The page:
Shy Kids: in a state Review

todayMarch 27, 2018 86

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By Tanner Meadows
Music Journalist

Artist: Shy Kids
Album: in a state
Release Date: February 23, 2018
Label: Culvert Music

After gaining some mainstream commercial success in their hometown of Toronto, Canada, following the release of their 2015 album Lofty!, the indie pop band, shy kids, had a go at taking their talents south of the border and into the good ol’ US of A. That is the inspiration for their latest release, in a state, a semi-concept and cleverly named album centered around the band’s mental states as they travel across the America, and the surprises and upsets they experience trying to make it in America. Sonically, they remind me a lot of New Politics, with maybe a little Panic! at the Disco.

in a state is the fusion of shy kids’ affinity for filmmaking as well as their musical talent. What makes this album so interesting is the video aspect; every song has a music video and all of them are cut together into a kind of shortfilm. The band has always been as involved in video as they are in audio. Two of the band members, Walter Woodman and Patrick Cederberg, graduated from the film studies program at Ryerson University, where they collaborated and created their award winning short film, Noah. (NSFW), a brief drama taking place entirely on a computer screen. In addition to that, the band as a whole has worked and been credited on a number of artist’s music videos, the video for “Dreams Tonite” by Alvvays, for example.

The record opens up with “(intromercial)” and “ordinary hotel,” a short cartoon intro leading into a wavy, saxophone driven build up to the rest of the album. The short scene, guided by a bellhop stylistically reminiscent of Waking Life, individually foreshadowing each of the songs to come.

The first full track is “I was in New York,” a song about Toronto. More specifically, how the two cities compare. Filmed in black and white with streaks of color accenting the important visual aspects, the violin and cello accompanied with the saxophone and piano give a sweeping grandiose feeling to a jazzy noir aesthetic iconic to New York City. Going from New York to Los Angeles using the “JFK >>> LAX” as a transitionatory tool, “I was in LA” is the next full song on the album, featuring Woodman’s alter ego, Wally Wood from Hollywood. Manically happy, colorfully suited and sporting his iconic WW sunglass, the video follows his ventures attempting to make it in Hollywood. Woodman was frequently recognized on the street as “suit guy” after his ridiculous outfit earned him a spot on the jumbotron during a Dodgers game, footage he very much wanted and attain for the video. The video is a variety of shots with an emphasis on Hollywood’s corniness, with a focus on reality tv, including a shot on the live set of The Price is Right, a show Woodman has been very vocal of his affinity for. The song, as upbeat as Wally himself, goes into how making in America, seemingly the natural progression of success for a Canadian band, is not what it’s cracked up to be at all. A fast paced duo of trumpets lend to an ecstatic feeling of pomp and circumstance, authenticity and humility a concept completely alien, just like the real LA.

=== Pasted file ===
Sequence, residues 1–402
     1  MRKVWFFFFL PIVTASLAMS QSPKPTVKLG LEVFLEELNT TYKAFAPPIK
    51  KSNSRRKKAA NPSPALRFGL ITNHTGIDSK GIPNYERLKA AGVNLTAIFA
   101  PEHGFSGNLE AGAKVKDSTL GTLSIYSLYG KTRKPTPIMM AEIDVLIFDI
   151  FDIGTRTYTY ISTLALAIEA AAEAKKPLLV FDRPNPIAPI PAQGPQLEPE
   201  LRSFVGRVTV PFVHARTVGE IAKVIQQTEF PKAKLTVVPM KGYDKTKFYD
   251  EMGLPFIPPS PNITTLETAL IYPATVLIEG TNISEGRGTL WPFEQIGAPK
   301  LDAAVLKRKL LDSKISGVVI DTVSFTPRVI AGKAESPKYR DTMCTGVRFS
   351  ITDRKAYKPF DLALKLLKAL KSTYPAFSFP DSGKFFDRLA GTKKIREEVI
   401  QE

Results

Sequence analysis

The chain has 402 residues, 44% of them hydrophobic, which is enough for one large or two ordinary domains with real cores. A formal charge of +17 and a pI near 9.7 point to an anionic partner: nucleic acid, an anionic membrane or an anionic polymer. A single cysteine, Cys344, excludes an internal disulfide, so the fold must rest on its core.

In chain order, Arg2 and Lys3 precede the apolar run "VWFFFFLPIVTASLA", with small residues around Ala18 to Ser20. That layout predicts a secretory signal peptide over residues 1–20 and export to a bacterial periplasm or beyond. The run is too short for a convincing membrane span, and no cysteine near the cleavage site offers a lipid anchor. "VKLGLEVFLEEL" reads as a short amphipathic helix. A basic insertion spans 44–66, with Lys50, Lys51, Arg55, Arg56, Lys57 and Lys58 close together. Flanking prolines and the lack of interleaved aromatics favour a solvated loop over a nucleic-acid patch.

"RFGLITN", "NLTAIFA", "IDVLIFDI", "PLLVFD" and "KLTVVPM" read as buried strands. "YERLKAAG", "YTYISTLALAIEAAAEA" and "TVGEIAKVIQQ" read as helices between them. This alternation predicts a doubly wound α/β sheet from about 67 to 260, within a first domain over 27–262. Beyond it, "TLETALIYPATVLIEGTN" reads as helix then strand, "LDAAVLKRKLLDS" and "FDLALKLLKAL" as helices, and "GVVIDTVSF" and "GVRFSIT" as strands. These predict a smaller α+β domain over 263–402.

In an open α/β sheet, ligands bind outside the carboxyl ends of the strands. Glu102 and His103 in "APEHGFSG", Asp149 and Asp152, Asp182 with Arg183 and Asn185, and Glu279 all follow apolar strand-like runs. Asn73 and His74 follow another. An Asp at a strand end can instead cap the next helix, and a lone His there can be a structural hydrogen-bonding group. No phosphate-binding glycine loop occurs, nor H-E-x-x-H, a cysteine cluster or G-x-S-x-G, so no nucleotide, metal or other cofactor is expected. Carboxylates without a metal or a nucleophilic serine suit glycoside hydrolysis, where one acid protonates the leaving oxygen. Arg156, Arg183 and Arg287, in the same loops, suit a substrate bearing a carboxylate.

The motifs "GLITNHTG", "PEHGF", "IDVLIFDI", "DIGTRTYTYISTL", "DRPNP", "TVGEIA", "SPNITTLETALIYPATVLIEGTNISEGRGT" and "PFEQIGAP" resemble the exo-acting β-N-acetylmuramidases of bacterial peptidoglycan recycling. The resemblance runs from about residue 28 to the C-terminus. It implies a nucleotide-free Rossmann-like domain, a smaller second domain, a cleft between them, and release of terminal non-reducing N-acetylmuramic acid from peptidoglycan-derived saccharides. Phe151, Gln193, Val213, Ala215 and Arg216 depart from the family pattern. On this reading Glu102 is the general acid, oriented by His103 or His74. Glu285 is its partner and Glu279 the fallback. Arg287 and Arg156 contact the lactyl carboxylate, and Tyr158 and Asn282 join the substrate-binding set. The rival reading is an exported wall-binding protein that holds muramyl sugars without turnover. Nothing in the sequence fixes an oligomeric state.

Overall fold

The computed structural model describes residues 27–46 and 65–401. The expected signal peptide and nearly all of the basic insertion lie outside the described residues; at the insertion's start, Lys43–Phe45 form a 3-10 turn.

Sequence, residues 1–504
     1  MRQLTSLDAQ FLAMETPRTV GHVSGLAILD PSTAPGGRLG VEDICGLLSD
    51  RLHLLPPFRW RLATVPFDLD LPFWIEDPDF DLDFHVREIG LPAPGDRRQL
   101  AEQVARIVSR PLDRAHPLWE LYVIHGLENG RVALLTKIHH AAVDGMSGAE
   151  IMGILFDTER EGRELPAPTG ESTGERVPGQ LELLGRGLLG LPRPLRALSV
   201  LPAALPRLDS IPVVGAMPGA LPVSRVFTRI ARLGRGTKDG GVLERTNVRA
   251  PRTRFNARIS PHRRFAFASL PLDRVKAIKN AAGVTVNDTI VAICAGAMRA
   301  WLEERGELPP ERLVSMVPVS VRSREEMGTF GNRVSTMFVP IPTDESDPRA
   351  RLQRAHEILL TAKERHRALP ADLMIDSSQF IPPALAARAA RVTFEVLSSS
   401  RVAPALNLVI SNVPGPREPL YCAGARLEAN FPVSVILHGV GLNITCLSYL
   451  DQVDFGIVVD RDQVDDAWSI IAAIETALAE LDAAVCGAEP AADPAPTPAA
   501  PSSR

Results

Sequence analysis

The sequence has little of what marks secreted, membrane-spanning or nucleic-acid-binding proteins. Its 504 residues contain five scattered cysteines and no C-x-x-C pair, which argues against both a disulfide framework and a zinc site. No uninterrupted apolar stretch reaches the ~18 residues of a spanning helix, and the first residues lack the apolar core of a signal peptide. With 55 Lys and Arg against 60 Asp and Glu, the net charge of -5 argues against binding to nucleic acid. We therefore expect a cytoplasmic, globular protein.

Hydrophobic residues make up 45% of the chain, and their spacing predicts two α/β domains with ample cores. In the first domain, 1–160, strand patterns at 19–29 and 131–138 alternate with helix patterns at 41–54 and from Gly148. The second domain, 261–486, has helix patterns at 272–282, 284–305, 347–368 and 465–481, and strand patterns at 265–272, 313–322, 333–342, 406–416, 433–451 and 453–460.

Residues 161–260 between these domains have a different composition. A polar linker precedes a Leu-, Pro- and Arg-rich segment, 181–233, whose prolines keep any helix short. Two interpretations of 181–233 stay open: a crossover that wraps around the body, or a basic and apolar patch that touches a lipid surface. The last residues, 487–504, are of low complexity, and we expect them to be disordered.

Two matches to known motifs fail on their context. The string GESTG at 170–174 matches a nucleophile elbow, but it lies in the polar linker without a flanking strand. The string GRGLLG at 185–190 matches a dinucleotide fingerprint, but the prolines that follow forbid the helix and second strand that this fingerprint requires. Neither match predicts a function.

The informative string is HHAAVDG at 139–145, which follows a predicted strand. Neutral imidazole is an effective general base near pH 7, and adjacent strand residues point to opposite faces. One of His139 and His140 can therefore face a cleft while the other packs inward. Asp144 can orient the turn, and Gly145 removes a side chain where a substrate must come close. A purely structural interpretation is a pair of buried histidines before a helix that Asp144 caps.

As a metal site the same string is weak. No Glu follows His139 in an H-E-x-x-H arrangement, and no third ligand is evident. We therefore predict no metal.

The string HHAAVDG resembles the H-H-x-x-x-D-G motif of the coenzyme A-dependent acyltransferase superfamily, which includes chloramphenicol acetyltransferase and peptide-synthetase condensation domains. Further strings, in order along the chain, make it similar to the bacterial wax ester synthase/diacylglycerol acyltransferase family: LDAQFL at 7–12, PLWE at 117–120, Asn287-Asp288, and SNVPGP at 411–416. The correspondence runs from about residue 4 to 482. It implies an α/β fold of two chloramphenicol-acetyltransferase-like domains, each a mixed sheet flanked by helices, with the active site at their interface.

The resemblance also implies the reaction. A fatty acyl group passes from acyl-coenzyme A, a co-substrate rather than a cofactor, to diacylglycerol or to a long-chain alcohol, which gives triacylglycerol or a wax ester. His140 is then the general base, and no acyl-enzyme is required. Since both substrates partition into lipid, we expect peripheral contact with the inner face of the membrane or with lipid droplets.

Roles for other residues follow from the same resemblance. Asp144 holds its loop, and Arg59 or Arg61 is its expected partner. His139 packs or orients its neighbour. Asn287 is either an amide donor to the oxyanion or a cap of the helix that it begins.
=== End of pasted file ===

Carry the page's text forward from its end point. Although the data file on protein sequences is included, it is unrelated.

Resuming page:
Moving from there into “I feel like a failure,” starring Sadzo the clown and his pitiful attempts at making children laugh. Unfortunately for him, children are monsters and the pain of others is their source of joy. What better a metaphor to represent the culture surrounding American media production than some dope trying his best getting torn apart by vicious, empathy deficient masses? “Stars take long to die, while keeping everything alive,” Sadzo contemplates before he is chased down, kids and adults pointing and laughing as foam weapons are plunged into his body in an unsettling scene of adolescent violence and confetti gore. Sadzo, I weep for you.

“The middle,” shot at Canada’s Markham Fair, is a sympathetic reprise for hodunk middle America. In a post Trump world, we often don’t practice the tolerance we preach and disregard areas off the beaten path as backwards bastions of bigotry. In interviews, the band’s most memorable experiences in the USA weren’t in NY or LA, those places are just like Toronto. Often the top of their lists are marked with places like Nebraska or Utah. Woodman remarks on the contrast between urban and rural, “simplicity doesn’t mean that we’re stupid, as far as I see you’re the one with four dollar coffee.” The gist is that backwards people aren’t always backwards, and even if they are, they’re still just people.

The final track, “if I was in Hawaii,” is the introspective, dreamy island jam that closes off the record. “I’ve found my hula groove, and I’ll bring it back to you, then we’re moving to the moon,” a slow, slow build from ukulele to an increasingly crunchy electric guitar accompany a sunset and cartoon rocket’s patient ascent into space, as the bellhop from the intro, who appears intermittently throughout the video, sits and watches waves roll onto the beach before they slide back into the sea, until the movie cuts back to the opening scene of “intromercial.” in a state is a fantastic example of how external media can make an album even more than it would be on its own.

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